Want another reason to rejoice that government isn't too involved in how pizzerias top their pies? Keep reading.
According to an Associated Press report, the government is proposing the removal of decades-old rules that dictate ingredients on frozen pizzas, specifically meat toppings.
Kraft, manufacturer of the enormously successful DiGiorno self-rising crust brand, and other frozen pizza makers say current guidelines restrict them from reducing pizza fat content or trying out new flavor combinations.
Under USDA "standards of identity", a meat pizza must have a crust, cheese, a tomato-based sauce and at least 10-12 percent meat by weight.
The rules were intended in part to promote consumption of meat and cheese, said consumer advocate Carol Tucker Foreman, who oversaw the department's food regulation during the Carter administration. Tucker admits, however, that the code is outdated.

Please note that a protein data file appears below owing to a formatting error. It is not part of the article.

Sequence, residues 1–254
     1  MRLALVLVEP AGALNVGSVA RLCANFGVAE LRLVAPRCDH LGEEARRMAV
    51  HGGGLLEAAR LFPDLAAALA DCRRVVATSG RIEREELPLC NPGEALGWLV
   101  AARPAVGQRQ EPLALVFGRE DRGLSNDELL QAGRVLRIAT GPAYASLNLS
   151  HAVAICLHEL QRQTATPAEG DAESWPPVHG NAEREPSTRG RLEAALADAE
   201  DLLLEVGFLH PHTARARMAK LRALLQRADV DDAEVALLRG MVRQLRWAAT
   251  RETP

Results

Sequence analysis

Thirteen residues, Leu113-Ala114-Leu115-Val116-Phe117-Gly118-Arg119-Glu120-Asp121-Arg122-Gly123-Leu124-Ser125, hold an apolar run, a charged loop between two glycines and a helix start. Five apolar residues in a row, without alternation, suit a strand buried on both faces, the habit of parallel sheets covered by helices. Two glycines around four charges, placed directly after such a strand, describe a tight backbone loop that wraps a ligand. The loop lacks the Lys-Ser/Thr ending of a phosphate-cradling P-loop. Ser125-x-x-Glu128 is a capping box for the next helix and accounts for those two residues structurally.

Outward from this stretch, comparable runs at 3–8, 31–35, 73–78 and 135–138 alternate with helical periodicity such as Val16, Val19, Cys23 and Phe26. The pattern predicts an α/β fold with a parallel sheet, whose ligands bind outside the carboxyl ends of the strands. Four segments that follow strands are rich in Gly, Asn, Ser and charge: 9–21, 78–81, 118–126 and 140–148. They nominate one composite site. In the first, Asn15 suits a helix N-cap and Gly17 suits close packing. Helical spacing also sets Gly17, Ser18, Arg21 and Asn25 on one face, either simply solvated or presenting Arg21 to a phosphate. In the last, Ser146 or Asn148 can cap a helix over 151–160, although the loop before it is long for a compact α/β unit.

"That doesn't make sense in today's society," Tucker told AP.
The USDA will hear public opinion until Jan. 2 on its proposal to eliminate the pizza standards. Without those rules, a meat or sausage pizza could have as little as 2 percent meat -- the minimum content for anything labeled a meat product.
Restaurant and delivery pizzas are exempt from the rules, and USDA regulations don't apply to frozen vegetable or cheese pizzas either. Meatless products fall under the jurisdiction of the Food and Drug Administration, which has no identity standards for pizza.
Frozen pizza is a booming business. Kraft Foods, which also makes the Tombstone brand, has seen its pizza sales balloon from $190 million to $1 billion annually during the past decade. But frozen pizza still only accounts for a fraction of the $30 billion in total U.S. pizza sales.
USDA's rules "are outdated. The frozen-pizza industry has changed dramatically," said Tony Mantuano, chef at Chicago's Spiaggia restaurant and a consultant to Schwan's Sales Enterprises, maker of Freschetta pizza. "One of our most popular pizzas is a pizza that has duck sausage and goat cheese. There's no tomato sauce. There's no mozzarella."
His definition of a pizza: "It has to have a great crust. What you put on top is what tastes good and what people like to eat. That's it."